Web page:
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Deyda Hydara Lives On

Oct 16, 2008, 5:01 AM

The gunmen who killed Deyda Hydara on the night of Thursday, 16 December 2004, had in their shortsightedness thought that their victim would forever be forgotten. But they succeeded in achieving the exact opposite for the slain journalist. Since his needless and untimely death about four years ago, Deyda Hydara has become a phenomenon seen in journalistic circles as the symbol of the struggle for press freedom and freedom of expression in Africa. He has been honoured posthumously all around the world, with his biography being taught in an American college and a journalism school in Africa. Some of the awards include the prestigious CNN/Multichoice African Journalist Award.

Now the West Africa Journalists' Association (WAJA) will be honouring Deyda Hydara, the martyr to press freedom, tonight at the Kairaba Beach Hotel with a Lifetime Achievement Award. This award, like the others, is a recognition of Deyda Hydara's unwavering commitment to the cause of press freedom and freedom of expression in Africa. But all these posthumous kudos on the late Deyda Hydara have a deeper significance. As well as serving as befitting memorials to a noble spirit, they are meant to inspire aspiring and practising journalists alike that when you take on a cause greater than yourself, you become larger than life - and live on even after death.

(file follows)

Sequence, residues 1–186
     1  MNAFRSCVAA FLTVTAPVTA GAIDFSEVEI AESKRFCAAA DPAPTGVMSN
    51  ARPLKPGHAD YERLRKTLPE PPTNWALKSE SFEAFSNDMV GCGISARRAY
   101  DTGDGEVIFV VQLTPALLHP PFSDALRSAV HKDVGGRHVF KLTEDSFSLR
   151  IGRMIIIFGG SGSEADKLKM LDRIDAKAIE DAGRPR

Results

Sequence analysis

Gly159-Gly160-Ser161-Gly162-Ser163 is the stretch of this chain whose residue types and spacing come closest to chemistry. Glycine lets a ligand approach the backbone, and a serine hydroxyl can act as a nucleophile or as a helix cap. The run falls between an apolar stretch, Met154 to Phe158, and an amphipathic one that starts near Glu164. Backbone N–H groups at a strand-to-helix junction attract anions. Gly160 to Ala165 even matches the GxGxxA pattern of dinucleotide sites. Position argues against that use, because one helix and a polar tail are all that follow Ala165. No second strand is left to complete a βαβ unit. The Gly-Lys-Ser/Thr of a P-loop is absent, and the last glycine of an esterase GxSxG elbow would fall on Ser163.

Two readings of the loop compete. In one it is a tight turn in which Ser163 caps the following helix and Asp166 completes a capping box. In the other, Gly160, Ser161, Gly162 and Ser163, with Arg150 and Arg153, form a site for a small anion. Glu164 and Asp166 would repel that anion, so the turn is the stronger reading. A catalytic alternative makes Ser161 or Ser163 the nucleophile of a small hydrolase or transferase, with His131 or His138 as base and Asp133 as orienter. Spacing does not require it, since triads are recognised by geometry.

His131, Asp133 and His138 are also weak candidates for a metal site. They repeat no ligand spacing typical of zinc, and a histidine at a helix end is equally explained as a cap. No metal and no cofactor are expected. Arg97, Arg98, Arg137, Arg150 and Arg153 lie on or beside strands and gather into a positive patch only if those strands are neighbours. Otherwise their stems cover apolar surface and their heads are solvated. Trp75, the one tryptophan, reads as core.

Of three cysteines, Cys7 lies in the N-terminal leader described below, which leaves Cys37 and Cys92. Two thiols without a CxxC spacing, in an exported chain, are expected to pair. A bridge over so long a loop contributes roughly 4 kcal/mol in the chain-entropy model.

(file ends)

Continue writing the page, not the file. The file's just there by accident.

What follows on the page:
In a significant way, Deyda Hydara has defeated death and put his killers to shame. His contributions to humanity are now being celebrated all over the world. Seminars are now being conducted on his writings. A journalism student in South Africa is already working on the social and political significance of Deyda Hydara's writings; it is likely to develop into the second book on Deyda Hydara. And with the French translation of his biography being planned, we are proud to assert that Deyda Hydara has defeated death.

These posthumous accolades on Deyda Hydara should serve as a reminder to all those suffering from journalism-phobia that it is pointless to kill a journalist. By killing a practising journalist, you inadvertently make him or her into a legend. Just as it is counterproductive to send a journalist to jail, or impose heavy fines on them. It is best to allow journalists to regulate themselves by their own code of conduct.

This was the position of the late Deyda Hydara; he asserted throughout his journalistic career that journalists should not be sent to jail for press offences. He believed that erring journalists could and should be disciplined in line with the media code of conduct.

We therefore accept the Lifetime Achievement Award that will be conferred posthumously on the late Deyda Hydara tonight with pride and glee. It is yet another vindication of the late journalist's commitment to the finest ideals of journalism. Deyda Hydara lives on!

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The Life of Samuel Johnson [In Boswell, (1791)]